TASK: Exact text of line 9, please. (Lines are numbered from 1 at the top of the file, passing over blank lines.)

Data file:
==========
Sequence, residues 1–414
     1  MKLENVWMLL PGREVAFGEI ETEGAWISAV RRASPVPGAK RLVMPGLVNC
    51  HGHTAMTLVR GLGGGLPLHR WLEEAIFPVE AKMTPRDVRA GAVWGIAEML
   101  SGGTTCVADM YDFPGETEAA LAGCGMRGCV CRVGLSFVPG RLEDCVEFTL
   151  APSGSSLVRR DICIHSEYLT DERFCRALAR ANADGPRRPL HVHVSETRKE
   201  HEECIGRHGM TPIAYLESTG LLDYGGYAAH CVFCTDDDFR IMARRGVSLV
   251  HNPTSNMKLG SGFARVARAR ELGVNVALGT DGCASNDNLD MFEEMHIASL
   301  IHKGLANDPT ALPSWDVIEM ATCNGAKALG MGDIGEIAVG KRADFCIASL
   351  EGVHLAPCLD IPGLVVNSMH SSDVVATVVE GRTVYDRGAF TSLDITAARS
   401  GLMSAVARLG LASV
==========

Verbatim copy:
   351  EGVHLAPCLD IPGLVVNSMH SSDVVATVVE GRTVYDRGAF TSLDITAARS